Looking back at the words of yesteryear. In 2007, I was enrolled in a study abroad program called “Sustainable Development and Social Change in Central America.” While in El Salvador studying Liberation Theology with a nun from New Jersey named Sister Peggy, spending time with rural communities, I wrote this poem.
Like some humans and chickens, some stories
are ground-dwellers, peck peck pecking
at tossed handfuls of dried words,
resigning faith to the pale hand
dipping in the frame, the sky
a blue door locked. Down-eyed stories
with craned necks, they are not life stories,
because a life story looks up, to
the sky our window, lulling senses
to marinate in so much
winged metaphor, to the sun,
to the moon man, beckoning us
to our front yard of the universe;
a life story is a view.
Like sky birds, life stories
glide and jag and twist all of it
together, we watch them rewrite
the air and rename gravity,
flying through altitudes for death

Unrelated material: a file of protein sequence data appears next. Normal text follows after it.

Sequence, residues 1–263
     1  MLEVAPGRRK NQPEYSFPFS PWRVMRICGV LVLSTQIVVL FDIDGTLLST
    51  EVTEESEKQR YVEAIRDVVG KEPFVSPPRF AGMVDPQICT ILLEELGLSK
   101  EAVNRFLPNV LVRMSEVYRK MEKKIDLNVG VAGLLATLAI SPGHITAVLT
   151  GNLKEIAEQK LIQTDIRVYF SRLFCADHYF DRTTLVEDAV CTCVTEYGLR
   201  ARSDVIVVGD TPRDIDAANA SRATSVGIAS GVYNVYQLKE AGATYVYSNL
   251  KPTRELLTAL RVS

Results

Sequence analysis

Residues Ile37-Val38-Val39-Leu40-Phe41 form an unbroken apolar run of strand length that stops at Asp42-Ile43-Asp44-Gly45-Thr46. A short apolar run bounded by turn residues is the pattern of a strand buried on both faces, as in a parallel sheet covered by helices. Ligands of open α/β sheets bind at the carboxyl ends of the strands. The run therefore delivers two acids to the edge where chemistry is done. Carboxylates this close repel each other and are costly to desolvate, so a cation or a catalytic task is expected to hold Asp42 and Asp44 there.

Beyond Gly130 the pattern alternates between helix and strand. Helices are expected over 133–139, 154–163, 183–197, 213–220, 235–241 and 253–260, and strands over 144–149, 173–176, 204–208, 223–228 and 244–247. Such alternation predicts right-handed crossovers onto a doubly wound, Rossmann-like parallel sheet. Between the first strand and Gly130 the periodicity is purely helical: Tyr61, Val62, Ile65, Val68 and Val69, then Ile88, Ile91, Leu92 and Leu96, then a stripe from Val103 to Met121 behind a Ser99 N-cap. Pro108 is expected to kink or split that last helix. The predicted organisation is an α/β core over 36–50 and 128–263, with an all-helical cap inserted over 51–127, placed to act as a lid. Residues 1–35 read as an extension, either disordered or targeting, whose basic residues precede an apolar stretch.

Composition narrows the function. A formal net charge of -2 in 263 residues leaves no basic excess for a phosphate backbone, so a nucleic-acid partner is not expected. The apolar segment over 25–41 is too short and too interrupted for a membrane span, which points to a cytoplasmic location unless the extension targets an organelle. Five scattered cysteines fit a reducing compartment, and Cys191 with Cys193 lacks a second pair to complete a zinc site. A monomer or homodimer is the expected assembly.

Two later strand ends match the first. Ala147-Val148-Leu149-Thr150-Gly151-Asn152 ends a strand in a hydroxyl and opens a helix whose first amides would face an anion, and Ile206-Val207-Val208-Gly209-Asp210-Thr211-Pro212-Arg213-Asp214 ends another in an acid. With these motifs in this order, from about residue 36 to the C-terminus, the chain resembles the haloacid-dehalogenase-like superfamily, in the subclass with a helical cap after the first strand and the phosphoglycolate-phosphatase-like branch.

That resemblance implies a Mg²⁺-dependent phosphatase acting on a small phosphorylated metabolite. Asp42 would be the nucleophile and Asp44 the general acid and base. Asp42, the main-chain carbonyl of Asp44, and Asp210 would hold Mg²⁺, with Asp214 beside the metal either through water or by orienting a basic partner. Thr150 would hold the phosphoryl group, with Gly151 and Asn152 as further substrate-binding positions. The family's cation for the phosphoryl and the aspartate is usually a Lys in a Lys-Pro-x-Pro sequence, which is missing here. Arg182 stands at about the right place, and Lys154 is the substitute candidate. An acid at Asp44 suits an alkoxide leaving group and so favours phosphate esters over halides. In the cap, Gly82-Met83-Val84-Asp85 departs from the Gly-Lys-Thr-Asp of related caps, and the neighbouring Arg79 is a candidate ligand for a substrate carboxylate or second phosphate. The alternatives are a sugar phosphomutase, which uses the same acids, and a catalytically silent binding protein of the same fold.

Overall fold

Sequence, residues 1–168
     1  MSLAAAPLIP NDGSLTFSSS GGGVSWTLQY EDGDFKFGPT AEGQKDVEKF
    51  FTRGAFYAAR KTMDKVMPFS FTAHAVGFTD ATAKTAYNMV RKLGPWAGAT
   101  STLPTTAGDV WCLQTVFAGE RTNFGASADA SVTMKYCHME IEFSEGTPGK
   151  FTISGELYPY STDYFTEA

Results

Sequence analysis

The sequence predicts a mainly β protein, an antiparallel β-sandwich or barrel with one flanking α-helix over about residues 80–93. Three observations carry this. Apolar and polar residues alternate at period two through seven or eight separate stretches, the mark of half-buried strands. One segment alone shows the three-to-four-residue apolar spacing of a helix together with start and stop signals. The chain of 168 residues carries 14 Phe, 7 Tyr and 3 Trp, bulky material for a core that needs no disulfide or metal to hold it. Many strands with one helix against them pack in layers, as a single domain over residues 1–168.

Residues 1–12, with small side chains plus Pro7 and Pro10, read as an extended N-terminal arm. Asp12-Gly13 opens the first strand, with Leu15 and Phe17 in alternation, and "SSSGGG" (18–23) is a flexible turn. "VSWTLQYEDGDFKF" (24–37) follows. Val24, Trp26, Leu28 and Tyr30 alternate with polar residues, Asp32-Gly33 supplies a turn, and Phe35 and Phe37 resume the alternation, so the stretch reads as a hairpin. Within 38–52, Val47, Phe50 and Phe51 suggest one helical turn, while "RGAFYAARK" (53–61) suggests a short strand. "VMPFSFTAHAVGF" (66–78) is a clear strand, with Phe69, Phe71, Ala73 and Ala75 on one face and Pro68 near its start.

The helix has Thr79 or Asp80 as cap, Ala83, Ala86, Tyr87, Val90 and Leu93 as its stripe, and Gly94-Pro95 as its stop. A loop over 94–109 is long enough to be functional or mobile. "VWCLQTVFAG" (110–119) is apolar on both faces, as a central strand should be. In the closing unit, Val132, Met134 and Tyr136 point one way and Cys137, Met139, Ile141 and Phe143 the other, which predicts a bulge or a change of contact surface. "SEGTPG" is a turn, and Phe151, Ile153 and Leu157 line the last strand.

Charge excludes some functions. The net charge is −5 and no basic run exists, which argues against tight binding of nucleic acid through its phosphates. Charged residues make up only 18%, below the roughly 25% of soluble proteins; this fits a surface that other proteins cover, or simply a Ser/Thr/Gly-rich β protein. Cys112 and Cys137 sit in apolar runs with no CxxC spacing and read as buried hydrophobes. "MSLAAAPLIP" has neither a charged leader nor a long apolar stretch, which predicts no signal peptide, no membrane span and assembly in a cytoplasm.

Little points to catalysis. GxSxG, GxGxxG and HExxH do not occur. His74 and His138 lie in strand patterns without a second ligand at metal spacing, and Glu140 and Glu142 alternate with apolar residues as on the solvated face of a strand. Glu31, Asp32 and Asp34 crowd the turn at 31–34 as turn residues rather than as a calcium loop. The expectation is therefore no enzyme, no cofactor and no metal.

and the hatch, clouds and mountains,
and not for productive efficiency.
I have been hiking countries and decades
and high elevations for these airborne
stories, glued my wide eyes to flocks
of words tumbling back my head,
flying circles and singing boleros,
grabbing me in their talons, higher
with them, I’ve grown dizzy
from the height, how I’ve risen
in their talons and their muscled wings,
I’m rising in their stories
and their stories rise in me; I don’t know
what I know but I know that we are rising.
From the seascapes, from the thumping,
from the rolling green and granite,
I’m gasping from these muscles
and I’m grateful for the air.
There is music dancing skyward,
notes are bouncing round the towers,
verbs are raining from the heavens
in this stormy, windy spring.
A life story has no conclusion
but action. There is no freedom
but in freeing flocks into your bones, light
bird bones, letting their glide pick up
your elbows like a marionette,
plunk you in oceans, falling and
and falling you into the round, round world,
to fill your lungs of salt and faith.